Why the Temple Mount?
For My house shall be called a house of prayer for all nations (Isaiah 56: 7)
The Temple Mount is sacred to more than half of the world’s population and three major religions including Christianity, Judaism, and Islam. According to the Bible, it is a place where heaven and earth meet, which was designated to be an epicenter for all facets the religious and national life, and an anchor point from which the word of God is spread out to the world. Today it is Judaism’s holiest site, where the First and Second Temples once stood, and remains the focal point of Jewish prayers. For Christians, it is home to the Temple that Jesus knew. It is the third holiest site in Islam, the location of the Dome of the Rock and Al-Aqsa Mosque. Anything that happens on the Temple Mount resonates throughout the entire world, and yet no proper excavation has ever been conducted here.
From the outset, the Temple Mount Sifting Project (TMSP) was a risky endeavor. We didn’t know what would emerge from the truckloads of dirt or how to undertake this unique research. Despite the initial concerns, our efforts – and those of our dedicated volunteers – have proven to be amazingly worthwhile.
The discovery of seals and seal impressions has shed new light on the administrative activities that took place in the First Temple, contradicting minimalist claims that the site was a mere village in the 10th century BCE, and confirming the biblical account that the Temple Mount was part of the city during that time. Opus sectile paving stones match Josephus’ descriptions of the elegant architectural style of the Herodian renovations to the Second Temple. Hundreds of thousands of mosaic tesserae and other architectural elements prove that the Temple Mount was occupied – not deserted as was previously believed – during the Byzantine period. In recent years, Palestinian political leaders have invented new claims completely denying the existence of the First and Second Temples at the site, and these claims have now been supported by UNESCO. Our finds, and most scholars, prove otherwise.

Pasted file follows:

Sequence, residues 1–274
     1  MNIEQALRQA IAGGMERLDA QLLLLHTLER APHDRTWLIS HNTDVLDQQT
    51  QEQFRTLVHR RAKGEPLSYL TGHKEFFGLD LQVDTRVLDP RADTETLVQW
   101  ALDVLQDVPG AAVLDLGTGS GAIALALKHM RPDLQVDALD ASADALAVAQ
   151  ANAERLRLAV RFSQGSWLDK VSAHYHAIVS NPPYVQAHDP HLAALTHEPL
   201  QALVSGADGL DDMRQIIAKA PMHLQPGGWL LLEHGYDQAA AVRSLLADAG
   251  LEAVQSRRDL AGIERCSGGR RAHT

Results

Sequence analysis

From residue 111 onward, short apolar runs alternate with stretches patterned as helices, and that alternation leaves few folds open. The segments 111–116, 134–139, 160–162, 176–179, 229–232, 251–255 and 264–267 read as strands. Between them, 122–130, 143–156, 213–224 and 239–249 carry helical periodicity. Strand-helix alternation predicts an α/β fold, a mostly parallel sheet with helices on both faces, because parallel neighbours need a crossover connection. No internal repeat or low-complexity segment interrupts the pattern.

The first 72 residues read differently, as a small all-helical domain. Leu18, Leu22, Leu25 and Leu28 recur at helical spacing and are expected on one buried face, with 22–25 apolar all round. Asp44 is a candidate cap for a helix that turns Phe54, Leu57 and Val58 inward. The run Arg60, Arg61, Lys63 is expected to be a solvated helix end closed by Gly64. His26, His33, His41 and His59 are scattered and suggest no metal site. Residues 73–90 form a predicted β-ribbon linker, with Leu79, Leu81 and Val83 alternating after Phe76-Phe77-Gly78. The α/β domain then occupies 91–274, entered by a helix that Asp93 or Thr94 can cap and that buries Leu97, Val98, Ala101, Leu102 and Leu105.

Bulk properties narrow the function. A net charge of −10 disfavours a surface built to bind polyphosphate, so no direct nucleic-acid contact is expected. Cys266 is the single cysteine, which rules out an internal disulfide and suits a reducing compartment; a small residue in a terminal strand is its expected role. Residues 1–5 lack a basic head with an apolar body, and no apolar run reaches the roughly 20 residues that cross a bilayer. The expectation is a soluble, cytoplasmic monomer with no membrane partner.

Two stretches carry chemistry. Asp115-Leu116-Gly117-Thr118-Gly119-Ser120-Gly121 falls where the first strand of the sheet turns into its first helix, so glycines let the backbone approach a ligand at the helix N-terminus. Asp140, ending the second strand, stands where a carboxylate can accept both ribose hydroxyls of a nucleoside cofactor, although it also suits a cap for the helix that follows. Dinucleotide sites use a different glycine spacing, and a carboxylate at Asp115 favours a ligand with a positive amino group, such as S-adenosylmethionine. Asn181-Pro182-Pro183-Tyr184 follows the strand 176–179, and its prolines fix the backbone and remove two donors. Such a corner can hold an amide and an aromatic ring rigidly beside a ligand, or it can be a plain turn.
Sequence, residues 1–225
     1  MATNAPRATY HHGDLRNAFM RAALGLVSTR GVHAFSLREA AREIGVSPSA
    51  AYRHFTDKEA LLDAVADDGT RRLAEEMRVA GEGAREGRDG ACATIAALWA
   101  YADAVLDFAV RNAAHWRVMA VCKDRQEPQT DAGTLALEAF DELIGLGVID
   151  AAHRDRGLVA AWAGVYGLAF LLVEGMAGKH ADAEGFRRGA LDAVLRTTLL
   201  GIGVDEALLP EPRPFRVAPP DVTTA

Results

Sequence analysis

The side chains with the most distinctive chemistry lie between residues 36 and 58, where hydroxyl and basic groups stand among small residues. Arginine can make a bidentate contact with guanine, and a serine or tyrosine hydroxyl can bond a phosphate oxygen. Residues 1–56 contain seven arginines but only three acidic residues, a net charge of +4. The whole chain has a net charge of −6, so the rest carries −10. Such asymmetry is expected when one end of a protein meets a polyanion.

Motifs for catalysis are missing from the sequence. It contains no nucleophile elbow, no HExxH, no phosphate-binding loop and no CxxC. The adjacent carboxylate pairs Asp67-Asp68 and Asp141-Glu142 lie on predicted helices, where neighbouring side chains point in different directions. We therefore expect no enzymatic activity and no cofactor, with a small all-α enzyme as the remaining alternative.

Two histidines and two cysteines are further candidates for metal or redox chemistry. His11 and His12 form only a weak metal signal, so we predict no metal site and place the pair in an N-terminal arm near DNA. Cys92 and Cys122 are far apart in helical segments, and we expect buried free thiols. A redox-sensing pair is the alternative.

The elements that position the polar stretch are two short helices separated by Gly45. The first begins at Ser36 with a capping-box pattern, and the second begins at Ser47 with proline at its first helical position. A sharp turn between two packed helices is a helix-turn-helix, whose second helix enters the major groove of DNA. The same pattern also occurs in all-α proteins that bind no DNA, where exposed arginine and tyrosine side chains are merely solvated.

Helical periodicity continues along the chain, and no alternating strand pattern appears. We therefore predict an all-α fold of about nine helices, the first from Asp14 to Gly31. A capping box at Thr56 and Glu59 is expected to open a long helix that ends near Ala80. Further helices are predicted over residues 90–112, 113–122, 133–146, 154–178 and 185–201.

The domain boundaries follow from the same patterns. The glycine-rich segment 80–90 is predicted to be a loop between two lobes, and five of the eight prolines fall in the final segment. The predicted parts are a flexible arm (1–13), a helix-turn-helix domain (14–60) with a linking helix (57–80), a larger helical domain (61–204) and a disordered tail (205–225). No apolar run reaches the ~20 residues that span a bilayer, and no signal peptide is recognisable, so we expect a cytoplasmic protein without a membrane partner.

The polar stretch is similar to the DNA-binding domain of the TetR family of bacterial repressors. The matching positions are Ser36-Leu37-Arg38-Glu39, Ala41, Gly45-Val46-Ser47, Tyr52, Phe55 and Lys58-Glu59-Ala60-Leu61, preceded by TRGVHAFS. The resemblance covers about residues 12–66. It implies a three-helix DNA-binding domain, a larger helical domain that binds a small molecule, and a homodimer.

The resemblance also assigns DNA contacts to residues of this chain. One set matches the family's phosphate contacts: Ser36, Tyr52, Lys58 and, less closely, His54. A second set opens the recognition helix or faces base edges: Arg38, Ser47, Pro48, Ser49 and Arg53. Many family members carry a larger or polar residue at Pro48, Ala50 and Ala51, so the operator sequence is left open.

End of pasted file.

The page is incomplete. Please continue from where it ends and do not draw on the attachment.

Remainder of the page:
The TMSP is focusing its efforts on the enormous tasks of processing and studying the finds and preparing them for scientific publication. Unpublished finds have little value for archaeological research. It is as though they had never been found. Presently, more than half a million finds are still waiting to be processed and analyzed in our laboratory. We cannot allow this to be the fate of the finds from such an important site as the Temple Mount.
You have the responsibility to support our efforts and bring to light the history of the Temple Mount. Help us prevent these antiquities and their history from being lost to illegal construction. Help us resolve scholarly and political debates about the long history of this important site by publishing the truth found in the archaeological record.
The publication of TMSP’s finds represent an opportunity for meaningful and educated dialogue that has the potential to reduce political conflicts. Ignorance feeds conflict and dispute, while knowledge helps us better understand our common past.
As mentioned previously, the focus of our attention in the last year has been the advancement of research and the publication of our artifacts. We plan to publish a full six-volume report, containing 186 chapters of reports, discussions and summaries for all categories of artifact. In the first stage we are advancing with the first three volumes, where the first volume will contain introductory chapters concerning the history of the Temple Mount, the history of the sifting project, our sifting methodology and statistical method, and reports on some of our most interesting finds. The second volume will discuss pottery, with a separate chapter dedicated to each period. The third volume will concentrate on coins and weights and will similarly be divided into chapters devoted to each period.